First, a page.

Here in Acts, we have the vision given to Paul and the Lord opening Lydia’s heart.  In the story here today, this equates in the story to a gospel call, gospel shared, and gospel received. Bit parts showing that there’s no such thing as a small role in the unpredictable imagination of the Holy Spirit.

Last week, Pastor Ann preached that the “doors of the church are open” through Peter’s experience of being called by the gospel to eat with people that his coworkers in the gospel thought were problematic.  When Peter was called to account for his reckless grace, he responded to his accusers with the memorable line, “Who am I to hinder God?”  A few chapters later, we find Paul in similar circumstances.  Sailing across the sea to Macedonia, encountering Lydia who was not from Macedonia but from Thyatira, also an out-of-towner.  Brought together in a place of prayer by the gospel, by God.  Neither one of those people could have imagined their encounter or the changes that would come from it.  Lydia’s household was baptized and she became recorded in history for her hospitality and generosity.  She’ll turn up one more time in next week’s Bible story from Acts after yet another plot twist for Paul and Silas.  Stay tuned…

As we play our bit parts, the challenge for us becomes listening with open hearts prepared by God.  We’ve all seen situations where the gospel has been used manipulatively to pump up egos and limit grace to a select few.  Bit parts like Lydia’s remind us that the unlimited grace of God moves outside the boundary lines we draw for ourselves and other people.  Paul meets her outside the city gate by the river, explicitly drawing us a picture of how the gospel works.  The city gates and the doors of the church are indeed open.  Much like today’s scripture, we can often get a glimpse of this reality by looking backwards to imagine forward.

Last spring, this congregation began a process to imagine where God might be calling us by the gospel.  A group of people that included Pastor Ann and me began meeting to plan strategically.  The congregation began talking and individually answering questions in the hopes of revealing common themes and a unified direction.  One of the things identified in that process was the congregation’s decade long history of vacant land that was originally slated for senior housing.  Congregation members long ago took out additional loans on their own homes to secure that land on behalf of the church’s commitment to the gospel.  For a variety of reasons, including the city of Denver at the time, the vision of senior housing didn’t materialize.  That very land continued to pulse with possibility even in its dormancy.  Transforming that land became a goal. A few congregation members in powerful bit parts of their own, attended a breakfast last fall hosted by Interfaith Alliance and discovered the Congregation Land Campaign.[3]  A Campaign that over the last few years identified almost 5,000 acres of unused land on faith community property that could be used for affordable housing.  One acre of that land sits at the bottom of the hill here, next to and behind our park on the slope. New meetings began here in the congregation that dovetailed the goal of Transforming Our Vacant Land and the Congregation Land Campaign.  Last week the congregation voted 98-7 to continue that process and figure out what Permanent Affordable Housing with a land lease could look like.  Those Holy Spirit cameos are inspiring a whole lot of bit parts adding up to exciting, unimaginable times for Augustana’s hospitality meeting deep need for people in our city.  Does it get any better than that?!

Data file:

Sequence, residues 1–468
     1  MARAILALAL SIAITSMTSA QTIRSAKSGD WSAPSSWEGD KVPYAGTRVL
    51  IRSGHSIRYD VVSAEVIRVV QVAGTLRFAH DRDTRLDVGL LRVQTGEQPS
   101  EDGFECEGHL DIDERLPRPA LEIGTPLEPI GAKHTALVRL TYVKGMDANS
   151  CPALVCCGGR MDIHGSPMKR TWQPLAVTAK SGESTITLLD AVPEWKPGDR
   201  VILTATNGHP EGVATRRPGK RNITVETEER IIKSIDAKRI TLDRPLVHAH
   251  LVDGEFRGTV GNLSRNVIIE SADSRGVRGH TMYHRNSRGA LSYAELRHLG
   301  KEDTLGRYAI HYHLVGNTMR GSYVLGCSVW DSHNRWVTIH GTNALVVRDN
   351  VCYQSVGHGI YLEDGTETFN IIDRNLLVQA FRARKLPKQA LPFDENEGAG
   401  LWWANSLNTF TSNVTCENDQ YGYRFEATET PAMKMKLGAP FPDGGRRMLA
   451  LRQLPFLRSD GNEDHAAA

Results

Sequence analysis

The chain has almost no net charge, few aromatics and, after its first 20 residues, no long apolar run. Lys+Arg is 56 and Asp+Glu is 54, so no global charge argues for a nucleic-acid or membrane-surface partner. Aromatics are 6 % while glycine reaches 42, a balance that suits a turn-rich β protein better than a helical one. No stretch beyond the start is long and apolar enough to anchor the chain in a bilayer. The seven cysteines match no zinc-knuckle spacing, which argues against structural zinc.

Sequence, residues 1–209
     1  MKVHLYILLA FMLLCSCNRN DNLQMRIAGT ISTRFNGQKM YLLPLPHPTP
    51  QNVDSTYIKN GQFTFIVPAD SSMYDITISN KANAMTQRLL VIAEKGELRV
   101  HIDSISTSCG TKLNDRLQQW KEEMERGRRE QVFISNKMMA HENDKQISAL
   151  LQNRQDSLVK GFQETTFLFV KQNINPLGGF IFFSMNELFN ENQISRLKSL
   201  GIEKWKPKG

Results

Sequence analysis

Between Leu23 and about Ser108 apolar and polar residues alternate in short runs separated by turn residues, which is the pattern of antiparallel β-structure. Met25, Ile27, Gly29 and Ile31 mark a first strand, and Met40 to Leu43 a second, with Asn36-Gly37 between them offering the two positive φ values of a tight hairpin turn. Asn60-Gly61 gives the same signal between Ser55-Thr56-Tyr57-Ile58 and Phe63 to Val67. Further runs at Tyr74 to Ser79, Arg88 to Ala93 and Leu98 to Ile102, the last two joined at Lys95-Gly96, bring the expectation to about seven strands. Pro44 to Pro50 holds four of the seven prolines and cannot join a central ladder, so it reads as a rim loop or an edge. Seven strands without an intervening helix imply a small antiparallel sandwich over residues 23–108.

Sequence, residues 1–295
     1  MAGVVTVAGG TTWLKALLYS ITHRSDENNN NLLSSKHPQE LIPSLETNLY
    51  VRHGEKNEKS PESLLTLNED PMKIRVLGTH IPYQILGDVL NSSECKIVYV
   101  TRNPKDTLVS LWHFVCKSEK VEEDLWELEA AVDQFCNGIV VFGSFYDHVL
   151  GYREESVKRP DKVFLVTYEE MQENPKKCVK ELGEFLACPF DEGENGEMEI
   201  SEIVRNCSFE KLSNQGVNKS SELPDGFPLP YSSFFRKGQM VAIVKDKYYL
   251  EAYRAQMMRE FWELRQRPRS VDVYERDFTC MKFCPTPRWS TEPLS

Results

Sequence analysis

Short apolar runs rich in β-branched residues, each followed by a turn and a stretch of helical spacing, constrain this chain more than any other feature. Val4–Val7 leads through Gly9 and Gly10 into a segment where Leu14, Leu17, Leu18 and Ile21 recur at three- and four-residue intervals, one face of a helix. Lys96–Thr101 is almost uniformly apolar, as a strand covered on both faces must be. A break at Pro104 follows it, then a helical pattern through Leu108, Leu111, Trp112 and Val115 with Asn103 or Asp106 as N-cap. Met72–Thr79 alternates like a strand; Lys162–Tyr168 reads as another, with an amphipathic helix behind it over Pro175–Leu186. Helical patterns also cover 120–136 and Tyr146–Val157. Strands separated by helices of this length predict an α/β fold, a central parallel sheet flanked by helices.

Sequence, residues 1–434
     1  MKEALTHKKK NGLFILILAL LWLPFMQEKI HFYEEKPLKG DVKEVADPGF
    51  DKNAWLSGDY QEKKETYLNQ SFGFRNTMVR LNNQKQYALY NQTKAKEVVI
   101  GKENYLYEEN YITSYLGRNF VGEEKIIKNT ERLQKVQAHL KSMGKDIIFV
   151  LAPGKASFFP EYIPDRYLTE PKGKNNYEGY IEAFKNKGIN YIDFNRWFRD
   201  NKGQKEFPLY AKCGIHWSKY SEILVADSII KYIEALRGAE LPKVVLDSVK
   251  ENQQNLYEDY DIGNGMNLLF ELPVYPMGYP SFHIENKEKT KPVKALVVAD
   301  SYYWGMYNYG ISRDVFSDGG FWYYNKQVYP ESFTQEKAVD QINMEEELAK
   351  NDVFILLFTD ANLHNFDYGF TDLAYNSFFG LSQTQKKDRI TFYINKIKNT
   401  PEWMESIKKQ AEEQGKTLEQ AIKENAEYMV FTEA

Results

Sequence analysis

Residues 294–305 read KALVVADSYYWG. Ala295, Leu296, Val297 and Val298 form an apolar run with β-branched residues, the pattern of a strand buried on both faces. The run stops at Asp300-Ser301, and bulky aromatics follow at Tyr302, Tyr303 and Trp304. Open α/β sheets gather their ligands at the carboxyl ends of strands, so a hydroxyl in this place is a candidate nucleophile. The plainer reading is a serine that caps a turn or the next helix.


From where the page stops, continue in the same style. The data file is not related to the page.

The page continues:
The Holy Spirit is already out of ahead of us.  Imagining. Inspiring. Softening hearts.  What we call a Strategic Plan is simply us trying to get a bead on where and how that’s happening. To get on board with what the Spirit is laying out ahead of us.  Next week on June 2, there’s a meeting between worship services for ministries in the congregation to strategize boldly because we are emboldened by God’s grace to continue to see what the Holy Spirit is imagining ahead of us.  Are we going to get it right?  Hardly.  Are we going to make every effort to be faithful?  You betcha.